The AP has conducted a “global anthropological study” that examined how “young people” consume the news. (At least young people in Britain, India and the United States, young people in places like, say, China and Myanmar still enough have problems getting news that consumption of it has yet to develop into a problem.) According to the study,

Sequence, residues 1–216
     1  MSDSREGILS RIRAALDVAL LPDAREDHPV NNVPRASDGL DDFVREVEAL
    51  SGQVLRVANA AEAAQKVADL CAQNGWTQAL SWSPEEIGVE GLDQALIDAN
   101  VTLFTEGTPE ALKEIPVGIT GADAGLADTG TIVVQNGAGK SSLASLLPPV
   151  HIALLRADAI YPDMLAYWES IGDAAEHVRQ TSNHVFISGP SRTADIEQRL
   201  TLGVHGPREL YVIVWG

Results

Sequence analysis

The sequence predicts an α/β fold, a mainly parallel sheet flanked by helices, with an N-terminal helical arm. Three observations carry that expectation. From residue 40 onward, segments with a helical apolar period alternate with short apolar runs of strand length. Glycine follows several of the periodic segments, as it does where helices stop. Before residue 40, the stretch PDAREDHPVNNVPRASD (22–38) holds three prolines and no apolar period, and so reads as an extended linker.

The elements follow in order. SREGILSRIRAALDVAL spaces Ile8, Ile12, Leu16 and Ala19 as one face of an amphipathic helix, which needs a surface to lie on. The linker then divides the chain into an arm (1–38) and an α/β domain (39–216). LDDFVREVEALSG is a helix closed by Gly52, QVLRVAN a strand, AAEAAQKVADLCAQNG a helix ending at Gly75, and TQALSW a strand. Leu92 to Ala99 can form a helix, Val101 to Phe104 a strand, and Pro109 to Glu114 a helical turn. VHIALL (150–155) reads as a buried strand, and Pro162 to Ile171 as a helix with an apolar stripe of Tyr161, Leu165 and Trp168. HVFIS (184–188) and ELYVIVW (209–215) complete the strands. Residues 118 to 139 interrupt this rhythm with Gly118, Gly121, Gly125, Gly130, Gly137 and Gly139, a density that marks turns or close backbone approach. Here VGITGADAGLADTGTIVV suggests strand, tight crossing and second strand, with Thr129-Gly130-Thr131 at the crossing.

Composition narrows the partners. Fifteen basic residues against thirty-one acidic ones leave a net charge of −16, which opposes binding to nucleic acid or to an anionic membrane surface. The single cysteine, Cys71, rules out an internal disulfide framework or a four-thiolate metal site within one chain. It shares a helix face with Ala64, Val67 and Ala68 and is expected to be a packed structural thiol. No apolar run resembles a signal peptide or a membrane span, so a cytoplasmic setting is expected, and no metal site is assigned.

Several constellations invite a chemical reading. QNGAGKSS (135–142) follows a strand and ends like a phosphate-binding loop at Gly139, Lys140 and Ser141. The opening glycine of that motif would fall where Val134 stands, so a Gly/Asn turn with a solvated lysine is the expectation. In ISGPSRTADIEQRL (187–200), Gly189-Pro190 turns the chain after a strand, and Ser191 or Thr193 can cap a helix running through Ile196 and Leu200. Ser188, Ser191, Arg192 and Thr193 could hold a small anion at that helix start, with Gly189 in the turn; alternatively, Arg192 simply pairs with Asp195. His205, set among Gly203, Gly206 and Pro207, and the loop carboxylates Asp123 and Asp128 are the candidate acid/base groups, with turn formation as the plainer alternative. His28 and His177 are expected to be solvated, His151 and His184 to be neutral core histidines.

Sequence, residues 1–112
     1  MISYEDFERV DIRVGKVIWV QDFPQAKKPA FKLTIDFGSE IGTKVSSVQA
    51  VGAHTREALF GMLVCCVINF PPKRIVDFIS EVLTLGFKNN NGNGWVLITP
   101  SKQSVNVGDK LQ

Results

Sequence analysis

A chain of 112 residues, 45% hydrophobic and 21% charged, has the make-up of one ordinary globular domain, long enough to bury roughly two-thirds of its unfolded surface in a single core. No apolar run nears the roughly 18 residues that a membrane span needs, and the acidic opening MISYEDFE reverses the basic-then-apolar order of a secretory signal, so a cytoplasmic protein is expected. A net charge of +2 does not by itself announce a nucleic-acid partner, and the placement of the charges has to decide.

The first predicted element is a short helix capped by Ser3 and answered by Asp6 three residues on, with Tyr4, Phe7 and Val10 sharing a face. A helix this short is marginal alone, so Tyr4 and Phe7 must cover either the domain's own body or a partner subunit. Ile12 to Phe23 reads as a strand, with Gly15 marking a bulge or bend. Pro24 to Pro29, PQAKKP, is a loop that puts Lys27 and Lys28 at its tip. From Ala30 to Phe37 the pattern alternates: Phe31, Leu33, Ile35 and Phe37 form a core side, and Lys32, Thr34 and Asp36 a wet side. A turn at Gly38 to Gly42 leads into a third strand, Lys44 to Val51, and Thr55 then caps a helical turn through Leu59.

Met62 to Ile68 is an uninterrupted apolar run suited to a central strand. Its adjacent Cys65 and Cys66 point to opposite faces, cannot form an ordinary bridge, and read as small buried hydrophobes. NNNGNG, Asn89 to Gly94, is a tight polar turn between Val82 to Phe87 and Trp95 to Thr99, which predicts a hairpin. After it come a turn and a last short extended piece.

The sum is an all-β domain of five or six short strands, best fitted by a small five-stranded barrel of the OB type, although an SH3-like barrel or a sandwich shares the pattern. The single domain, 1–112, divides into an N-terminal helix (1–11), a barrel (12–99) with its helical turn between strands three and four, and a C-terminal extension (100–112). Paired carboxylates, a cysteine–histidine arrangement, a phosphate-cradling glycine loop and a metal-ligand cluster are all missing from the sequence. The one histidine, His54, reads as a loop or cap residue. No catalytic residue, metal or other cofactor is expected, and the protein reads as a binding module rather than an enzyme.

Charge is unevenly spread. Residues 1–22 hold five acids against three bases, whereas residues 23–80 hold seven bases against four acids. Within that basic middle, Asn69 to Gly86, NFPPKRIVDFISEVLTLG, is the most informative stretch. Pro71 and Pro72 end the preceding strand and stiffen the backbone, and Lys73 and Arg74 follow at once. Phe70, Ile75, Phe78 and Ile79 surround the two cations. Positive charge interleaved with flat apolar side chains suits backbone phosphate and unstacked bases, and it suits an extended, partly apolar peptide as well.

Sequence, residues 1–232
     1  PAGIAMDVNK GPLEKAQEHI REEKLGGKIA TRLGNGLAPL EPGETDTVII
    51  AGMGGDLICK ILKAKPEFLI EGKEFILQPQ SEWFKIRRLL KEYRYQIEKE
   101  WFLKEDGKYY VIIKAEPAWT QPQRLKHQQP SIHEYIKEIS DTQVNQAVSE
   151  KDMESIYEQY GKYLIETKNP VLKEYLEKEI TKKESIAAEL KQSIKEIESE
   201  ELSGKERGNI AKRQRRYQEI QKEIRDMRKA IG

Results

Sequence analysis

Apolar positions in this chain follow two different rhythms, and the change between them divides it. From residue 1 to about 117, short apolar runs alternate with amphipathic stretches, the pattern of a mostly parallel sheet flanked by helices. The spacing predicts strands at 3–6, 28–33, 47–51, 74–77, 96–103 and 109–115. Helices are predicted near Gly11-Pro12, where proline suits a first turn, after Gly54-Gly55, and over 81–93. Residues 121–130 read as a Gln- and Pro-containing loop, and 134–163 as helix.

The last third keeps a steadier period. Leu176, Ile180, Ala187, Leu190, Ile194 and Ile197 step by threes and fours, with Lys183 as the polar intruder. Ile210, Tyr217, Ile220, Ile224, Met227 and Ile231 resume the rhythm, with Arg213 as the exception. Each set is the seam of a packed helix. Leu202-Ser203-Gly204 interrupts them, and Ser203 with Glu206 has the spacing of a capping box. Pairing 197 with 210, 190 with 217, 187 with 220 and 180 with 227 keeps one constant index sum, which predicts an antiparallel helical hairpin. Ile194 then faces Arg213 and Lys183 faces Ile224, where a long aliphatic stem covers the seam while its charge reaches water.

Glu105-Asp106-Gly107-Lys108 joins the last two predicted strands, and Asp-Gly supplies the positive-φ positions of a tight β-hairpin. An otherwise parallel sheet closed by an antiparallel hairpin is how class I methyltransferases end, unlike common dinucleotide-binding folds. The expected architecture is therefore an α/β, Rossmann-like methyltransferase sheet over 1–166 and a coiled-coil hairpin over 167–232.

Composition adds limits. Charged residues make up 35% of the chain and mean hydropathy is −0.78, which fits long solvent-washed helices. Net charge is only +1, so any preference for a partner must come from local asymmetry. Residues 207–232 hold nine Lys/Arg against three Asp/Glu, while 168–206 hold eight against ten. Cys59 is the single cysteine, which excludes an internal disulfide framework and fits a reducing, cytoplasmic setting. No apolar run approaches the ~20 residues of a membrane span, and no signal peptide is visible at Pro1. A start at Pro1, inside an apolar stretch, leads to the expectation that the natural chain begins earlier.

Among the key findings was that the young subjects of the study experienced news fatigue, meaning they were overloaded with facts and updates and had trouble connecting to more in-depth stories. Participants yearned for quality and in-depth reporting, but had difficulty immediately accessing such content.Some other stuff they discovered was that: consumers want depth but aren’t getting it, news is multitasked, news is connected to e-mail, news takes work but creates social currency, which, on the whole, if you switch out just a few words, sort of sounds like a sum-up of dating life in New York. Anyway, the authors have recommended that “news producers develop easier ways for readers to discover in-depth content and to avoid repetitious updates of breaking news.” So maybe some sort of news chip embedded directly into our brain is on the way.